Monthly Archives: November 2012

Hooray for reviewers

I recently sent a manuscript to Louis Hessler for peer review. The reason I chose Louis is he is awesome! I knew he would think deeply about the subject and would save me from crashing into the mire of my own bad ideas. Well, Louis found some embarrassing stuff, imagine someone misspelling Linnaeus (of course I usually just spell it L.). Of course there were other faux pas…

Louis did this service for free! Of course my coauthors and I will look brilliant because of Louis’ review and there will be an acknowledgement at the end of the piece that Louis kindly reviewed this work… blah, blah, blah. From my own experience it is as hard or harder to review a manuscript than it is to write it. A thorough review is great gift to any researcher.

Even more amazingly, anonymous reviewers are the norm in science. One of the  publications I am proudest of received a review of “accept with minor revisions” from one anonymous reviewer and “reject’ from a different anonymous reviewer. The editor of the journal sent it out for even more reviews, (no more ‘rejects’) so this manuscript got a lot of reviews and was eventually published in the journal of choice. The reject reviewer gave copious feedback on the numerous problems with the manuscript and many were challenging to fix. Even though I had been publishing scientific manuscripts for a few years, this reviewer taught me so much more about writing science – for free! I asked the editor of the journal to convey my appreciation to this anonymous reviewer. This person had undertaken a serious, thorough review of a manuscript that they deemed not worthy of publication. The gift of their insight polished the manuscript and made it so when my colleagues read it they didn’t think I was an idiot. Ultimately, the scientific idea was expressed more eloquently, efficiently, and effectively.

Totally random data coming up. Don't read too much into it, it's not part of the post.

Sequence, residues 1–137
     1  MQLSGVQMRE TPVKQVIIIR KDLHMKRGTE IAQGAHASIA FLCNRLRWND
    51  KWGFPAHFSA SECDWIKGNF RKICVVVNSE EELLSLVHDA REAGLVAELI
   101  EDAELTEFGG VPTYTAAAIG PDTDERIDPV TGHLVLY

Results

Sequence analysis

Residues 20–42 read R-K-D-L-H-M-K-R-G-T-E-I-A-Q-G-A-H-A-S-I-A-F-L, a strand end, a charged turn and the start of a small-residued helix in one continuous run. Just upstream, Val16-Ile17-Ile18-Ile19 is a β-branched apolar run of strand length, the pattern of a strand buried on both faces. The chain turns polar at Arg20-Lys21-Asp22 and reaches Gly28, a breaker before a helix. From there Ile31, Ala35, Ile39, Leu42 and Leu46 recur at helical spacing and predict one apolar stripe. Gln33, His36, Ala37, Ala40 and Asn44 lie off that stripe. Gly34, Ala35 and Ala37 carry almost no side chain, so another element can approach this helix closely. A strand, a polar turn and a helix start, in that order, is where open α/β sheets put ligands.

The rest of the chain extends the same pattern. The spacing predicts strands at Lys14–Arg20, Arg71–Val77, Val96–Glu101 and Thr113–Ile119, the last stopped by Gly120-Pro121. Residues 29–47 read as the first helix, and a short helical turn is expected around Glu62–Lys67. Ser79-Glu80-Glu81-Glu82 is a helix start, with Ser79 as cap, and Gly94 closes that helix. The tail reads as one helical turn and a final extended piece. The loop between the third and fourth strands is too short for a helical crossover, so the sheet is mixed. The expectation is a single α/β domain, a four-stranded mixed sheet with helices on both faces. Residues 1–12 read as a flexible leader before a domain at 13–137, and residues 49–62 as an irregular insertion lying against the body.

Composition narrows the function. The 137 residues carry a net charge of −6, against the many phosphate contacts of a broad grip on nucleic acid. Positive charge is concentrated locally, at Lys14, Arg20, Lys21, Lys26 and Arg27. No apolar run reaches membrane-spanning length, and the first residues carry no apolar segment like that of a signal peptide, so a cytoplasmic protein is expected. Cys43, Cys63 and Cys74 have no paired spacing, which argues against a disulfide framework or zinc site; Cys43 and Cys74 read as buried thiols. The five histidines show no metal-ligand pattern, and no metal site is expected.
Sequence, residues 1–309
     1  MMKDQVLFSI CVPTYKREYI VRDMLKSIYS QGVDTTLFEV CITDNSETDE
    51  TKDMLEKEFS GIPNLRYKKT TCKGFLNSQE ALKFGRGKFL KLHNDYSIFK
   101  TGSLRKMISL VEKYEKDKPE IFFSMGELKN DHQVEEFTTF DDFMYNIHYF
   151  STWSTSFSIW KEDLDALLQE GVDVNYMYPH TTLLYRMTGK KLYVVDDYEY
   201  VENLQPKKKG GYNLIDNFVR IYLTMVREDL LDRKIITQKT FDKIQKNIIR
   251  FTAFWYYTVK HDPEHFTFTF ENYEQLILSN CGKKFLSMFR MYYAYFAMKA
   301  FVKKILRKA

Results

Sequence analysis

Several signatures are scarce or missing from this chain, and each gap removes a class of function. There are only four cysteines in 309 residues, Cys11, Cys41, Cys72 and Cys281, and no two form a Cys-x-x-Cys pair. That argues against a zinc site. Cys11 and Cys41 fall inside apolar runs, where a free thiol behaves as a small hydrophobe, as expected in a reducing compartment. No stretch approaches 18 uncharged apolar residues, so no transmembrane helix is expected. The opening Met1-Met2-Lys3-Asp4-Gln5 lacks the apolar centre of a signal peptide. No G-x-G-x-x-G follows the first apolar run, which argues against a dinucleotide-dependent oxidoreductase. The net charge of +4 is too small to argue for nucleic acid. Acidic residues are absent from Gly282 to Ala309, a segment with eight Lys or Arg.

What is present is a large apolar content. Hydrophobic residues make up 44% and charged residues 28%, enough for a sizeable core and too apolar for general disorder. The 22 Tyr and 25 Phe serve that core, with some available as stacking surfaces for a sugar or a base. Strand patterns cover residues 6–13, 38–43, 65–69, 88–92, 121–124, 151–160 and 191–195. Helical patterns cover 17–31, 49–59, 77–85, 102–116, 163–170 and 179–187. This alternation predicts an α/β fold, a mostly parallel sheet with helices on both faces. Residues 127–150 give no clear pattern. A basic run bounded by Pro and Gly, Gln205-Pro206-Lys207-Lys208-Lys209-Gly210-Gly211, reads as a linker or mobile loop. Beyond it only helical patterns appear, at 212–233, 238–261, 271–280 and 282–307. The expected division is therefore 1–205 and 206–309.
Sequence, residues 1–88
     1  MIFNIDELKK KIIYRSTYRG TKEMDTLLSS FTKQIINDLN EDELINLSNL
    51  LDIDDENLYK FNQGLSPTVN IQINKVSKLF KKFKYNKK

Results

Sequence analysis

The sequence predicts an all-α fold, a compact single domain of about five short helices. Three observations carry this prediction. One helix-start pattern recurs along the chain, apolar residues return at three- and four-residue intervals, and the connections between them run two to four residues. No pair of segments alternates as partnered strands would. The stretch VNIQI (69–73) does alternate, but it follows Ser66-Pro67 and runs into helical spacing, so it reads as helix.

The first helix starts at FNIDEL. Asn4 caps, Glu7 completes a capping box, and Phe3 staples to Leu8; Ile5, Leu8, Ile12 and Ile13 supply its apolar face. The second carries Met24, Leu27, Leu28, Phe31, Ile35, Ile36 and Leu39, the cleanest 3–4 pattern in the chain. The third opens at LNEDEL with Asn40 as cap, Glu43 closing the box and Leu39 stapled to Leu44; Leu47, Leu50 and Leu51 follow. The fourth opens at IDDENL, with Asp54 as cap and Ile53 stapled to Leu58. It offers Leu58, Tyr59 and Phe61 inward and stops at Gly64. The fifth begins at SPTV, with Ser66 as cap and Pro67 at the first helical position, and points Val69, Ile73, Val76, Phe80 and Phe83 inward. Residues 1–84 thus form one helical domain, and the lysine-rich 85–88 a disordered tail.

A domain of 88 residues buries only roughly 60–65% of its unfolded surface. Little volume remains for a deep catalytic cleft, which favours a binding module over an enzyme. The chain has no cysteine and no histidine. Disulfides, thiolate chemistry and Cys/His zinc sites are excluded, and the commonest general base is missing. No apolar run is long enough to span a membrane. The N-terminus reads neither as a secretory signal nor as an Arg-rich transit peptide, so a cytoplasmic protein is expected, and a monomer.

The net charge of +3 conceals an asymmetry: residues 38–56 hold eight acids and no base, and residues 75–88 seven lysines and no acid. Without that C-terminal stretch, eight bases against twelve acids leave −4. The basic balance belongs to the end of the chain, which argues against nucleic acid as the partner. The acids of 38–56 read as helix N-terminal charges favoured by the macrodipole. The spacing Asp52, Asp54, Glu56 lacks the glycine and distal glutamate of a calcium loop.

Hooray for all of you who have ever provided a thorough review, especially anonymously.


Recently, I was asked by a coworker to look at a spruce tree in his front yard. It was a beautiful, stately specimen that was as old as his house. There were a couple of dead limbs with dead needles here and there, but nothing real obvious. My co worker told my his neighbors tree looked like this a year ago, and they died just all of a sudden.

When we went to look at the neighbor’s tree they had several spruce trees, in all stages of infestation. Peeling off some bark revealed what you see above – spruce beetle excavations and frass. Holding the bark to the light you can see holes where beetles have either entered to lay eggs or exited when mature.  My coworker can try treating his tree in an attempt to save with insecticides, I looked for recommendations online and this is a professional job. Every spring a fresh crop of beetles emerges to have a fresh go at his tree from the neighbors. There are a lot of old spruce trees in this town and an urban forestry program that treated these beetles on a landscape scale would have as much luck as the National Forest Service is having with Mountain Pine Beetle. People aren’t used to being told nature wins, but in this instance regardless of what my coworker does the spruce will probably die.

Looking at the bark closely I was able to this beetle, an Ips species, in one of the tunnels – it is about a third the size of a grain of rice.